Young people in the labour market : Key issues for the 2015 Parliament
The unemployment rate among young people is almost three times that of the rest of the population; youth employment rates are well below levels seen before the financial crisis; and under- 30s experienced the weakest wage growth of any group since 2008.
At the same time, participation in education and training among young people is up, record numbers of young people are doing apprenticeships, and they are increasingly well-qualified from an academic perspective.
Why is there such a mismatch between the skills and qualifications of the younger workforce and their employment prospects?
Fewer young people are in employment or looking for employment
Although youth unemployment fell rapidly in the last years of the previous Parliament, from a peak of over 20% in late 2011, employment rates have recovered more slowly. The discrepancy is the result of increased economic inactivity among young people.
This can be explained in part by new requirements for all those under 18 to stay in education or training. However, inactivity has also risen amongst the over-18s, a possible indicator of young people choosing to “sit out” of the labour market during turbulent times by undertaking additional education.
Chart 1: Educational status of 16-24 year-olds
Since 2008, more young people have stayed in full-time education, and correspondingly fewer have started employment.
Educational status of 16-24 year-olds, 2002-14
Youth unemployment remains a problem
Attempts to tackle unemployment among young people generally involve a combination of improving their skills, increasing their work experience and in some cases offering them job guarantees.
Apprenticeships are often seen as a way of combining skills training with work experience, and there was a large increase in apprenticeships in the last Parliament, albeit driven by apprenticeships for those aged 25 and over.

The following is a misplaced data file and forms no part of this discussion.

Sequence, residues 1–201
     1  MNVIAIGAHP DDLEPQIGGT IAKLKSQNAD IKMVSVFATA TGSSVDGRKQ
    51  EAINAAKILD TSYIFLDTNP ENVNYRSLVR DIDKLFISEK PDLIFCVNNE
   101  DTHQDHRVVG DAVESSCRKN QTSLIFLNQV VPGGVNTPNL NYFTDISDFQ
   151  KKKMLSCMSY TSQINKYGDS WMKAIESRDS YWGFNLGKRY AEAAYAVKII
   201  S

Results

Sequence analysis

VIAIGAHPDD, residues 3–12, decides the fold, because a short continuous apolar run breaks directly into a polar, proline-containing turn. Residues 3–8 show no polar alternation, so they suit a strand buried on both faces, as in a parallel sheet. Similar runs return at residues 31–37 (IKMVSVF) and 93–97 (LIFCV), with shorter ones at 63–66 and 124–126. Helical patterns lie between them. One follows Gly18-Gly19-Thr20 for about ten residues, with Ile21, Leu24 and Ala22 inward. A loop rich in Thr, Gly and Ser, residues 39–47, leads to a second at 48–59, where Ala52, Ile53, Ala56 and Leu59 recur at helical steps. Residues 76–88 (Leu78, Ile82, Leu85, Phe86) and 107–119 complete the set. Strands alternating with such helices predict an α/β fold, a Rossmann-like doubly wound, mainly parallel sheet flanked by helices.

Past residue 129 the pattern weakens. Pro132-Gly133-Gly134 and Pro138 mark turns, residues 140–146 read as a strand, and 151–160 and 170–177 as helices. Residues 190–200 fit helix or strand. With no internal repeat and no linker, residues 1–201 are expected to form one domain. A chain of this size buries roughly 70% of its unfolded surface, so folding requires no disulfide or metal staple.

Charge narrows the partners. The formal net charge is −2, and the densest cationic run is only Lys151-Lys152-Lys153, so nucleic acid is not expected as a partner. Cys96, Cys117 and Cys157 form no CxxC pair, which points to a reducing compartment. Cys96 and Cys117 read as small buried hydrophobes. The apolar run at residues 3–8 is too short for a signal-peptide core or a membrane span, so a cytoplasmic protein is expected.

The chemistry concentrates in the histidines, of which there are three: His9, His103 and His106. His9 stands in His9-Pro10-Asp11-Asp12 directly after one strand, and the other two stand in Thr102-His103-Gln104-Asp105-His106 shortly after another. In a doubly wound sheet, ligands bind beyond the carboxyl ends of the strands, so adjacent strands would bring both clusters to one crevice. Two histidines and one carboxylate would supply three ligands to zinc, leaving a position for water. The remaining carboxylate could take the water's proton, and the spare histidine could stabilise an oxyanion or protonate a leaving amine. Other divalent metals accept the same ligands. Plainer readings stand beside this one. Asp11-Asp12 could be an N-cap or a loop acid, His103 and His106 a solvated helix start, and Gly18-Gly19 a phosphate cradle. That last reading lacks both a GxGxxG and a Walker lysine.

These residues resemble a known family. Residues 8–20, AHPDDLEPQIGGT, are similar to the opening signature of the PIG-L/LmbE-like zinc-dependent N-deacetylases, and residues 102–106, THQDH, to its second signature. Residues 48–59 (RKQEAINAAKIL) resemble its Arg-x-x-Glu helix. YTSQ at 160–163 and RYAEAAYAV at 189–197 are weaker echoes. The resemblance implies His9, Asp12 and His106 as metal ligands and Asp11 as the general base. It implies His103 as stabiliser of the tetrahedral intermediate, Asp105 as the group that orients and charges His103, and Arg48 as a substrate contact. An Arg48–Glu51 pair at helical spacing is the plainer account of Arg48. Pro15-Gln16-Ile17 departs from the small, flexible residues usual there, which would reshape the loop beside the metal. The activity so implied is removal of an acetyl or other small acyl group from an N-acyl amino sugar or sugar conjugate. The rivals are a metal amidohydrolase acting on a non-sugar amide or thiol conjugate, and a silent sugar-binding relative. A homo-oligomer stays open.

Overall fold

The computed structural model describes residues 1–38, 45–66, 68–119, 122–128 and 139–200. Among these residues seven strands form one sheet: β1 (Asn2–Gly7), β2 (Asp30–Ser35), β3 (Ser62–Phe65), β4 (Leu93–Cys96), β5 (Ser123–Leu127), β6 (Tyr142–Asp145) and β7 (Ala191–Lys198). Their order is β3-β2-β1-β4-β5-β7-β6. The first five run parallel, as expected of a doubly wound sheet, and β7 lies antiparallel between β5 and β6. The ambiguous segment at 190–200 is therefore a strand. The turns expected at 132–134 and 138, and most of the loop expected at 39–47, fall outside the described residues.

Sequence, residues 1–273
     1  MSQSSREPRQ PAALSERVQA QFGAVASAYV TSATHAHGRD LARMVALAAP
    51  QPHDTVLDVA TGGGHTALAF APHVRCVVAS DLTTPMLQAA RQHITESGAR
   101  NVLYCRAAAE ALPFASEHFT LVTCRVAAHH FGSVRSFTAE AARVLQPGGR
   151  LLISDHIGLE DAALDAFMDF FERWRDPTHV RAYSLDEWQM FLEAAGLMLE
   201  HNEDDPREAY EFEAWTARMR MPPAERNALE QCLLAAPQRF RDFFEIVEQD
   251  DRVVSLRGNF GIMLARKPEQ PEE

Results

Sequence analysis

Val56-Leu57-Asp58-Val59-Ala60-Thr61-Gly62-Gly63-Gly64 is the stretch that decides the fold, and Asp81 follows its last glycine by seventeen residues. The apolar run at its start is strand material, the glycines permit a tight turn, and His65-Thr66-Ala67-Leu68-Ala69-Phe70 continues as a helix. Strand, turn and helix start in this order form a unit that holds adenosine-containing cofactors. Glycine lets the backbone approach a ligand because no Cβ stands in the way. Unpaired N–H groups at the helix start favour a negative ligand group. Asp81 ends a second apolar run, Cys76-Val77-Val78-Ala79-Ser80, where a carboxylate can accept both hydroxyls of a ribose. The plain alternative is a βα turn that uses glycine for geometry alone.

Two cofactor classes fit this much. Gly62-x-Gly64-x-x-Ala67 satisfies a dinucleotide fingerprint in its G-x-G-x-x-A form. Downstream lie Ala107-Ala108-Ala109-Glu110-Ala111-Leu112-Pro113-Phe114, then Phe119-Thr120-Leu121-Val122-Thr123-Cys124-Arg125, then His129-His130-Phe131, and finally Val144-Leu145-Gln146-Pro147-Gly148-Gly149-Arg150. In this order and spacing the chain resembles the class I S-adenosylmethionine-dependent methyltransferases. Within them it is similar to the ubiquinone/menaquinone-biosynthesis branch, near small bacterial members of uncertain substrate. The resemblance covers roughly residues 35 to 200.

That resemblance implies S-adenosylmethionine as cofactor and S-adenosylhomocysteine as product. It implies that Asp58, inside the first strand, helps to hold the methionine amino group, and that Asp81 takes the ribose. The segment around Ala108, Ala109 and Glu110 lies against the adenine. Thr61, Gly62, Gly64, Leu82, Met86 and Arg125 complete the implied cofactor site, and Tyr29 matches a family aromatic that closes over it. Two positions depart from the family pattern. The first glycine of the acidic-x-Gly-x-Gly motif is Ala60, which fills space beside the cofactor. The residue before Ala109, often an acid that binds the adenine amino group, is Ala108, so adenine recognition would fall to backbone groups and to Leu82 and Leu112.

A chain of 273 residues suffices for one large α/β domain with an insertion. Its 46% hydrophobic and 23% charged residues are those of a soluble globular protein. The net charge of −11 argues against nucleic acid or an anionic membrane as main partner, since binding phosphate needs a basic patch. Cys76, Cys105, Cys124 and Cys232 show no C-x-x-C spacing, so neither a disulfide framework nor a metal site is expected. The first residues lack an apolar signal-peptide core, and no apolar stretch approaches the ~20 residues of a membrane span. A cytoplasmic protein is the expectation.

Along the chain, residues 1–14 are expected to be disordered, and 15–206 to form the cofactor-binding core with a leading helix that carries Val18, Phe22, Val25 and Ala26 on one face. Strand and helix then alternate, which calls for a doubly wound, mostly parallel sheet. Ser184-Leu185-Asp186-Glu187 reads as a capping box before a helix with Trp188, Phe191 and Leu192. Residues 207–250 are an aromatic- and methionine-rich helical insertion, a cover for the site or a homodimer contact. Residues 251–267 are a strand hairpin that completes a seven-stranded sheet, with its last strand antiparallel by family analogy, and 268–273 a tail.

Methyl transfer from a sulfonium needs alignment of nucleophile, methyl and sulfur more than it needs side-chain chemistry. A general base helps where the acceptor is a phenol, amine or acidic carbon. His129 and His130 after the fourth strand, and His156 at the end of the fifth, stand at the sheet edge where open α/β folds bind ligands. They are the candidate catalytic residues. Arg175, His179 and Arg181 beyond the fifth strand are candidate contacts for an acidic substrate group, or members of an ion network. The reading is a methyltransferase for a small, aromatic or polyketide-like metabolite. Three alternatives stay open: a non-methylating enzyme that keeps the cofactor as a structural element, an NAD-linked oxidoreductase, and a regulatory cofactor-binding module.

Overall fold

Although the UK government did not sign up to the EU's Youth Guarantee, to offer a place in training or employment to all people aged under 25, the Scottish Government introduced a similar guarantee for 16 to 19-year-olds.
Cities have been given more powers to tackle youth unemployment, with Government funded Youth Contract programmes in the Leeds City Region, Liverpool and Newcastle, which could be extended to other cities.
Apprenticeships reached record numbers in the last Parliament, but what next?
In this Parliament, it is likely that a balance will need to be struck between raising apprenticeship quality and increasing participation. More rigorous apprenticeships may increase quality but reduce the number able to take part.
Conversely, further growth in lower-level apprenticeships may weaken the “brand”: there has been some debate as to whether such apprenticeships should retain the name.
To make apprenticeships more responsive to employer needs there has been a push to increase employer input and investment in the programme in recent years.
However, there is a risk that small employers in particular could be put off by the greater administrative burden associated with such involvement. It is also possible that requiring to employers to make a direct contribution towards training costs may stop apprenticeships being offered altogether.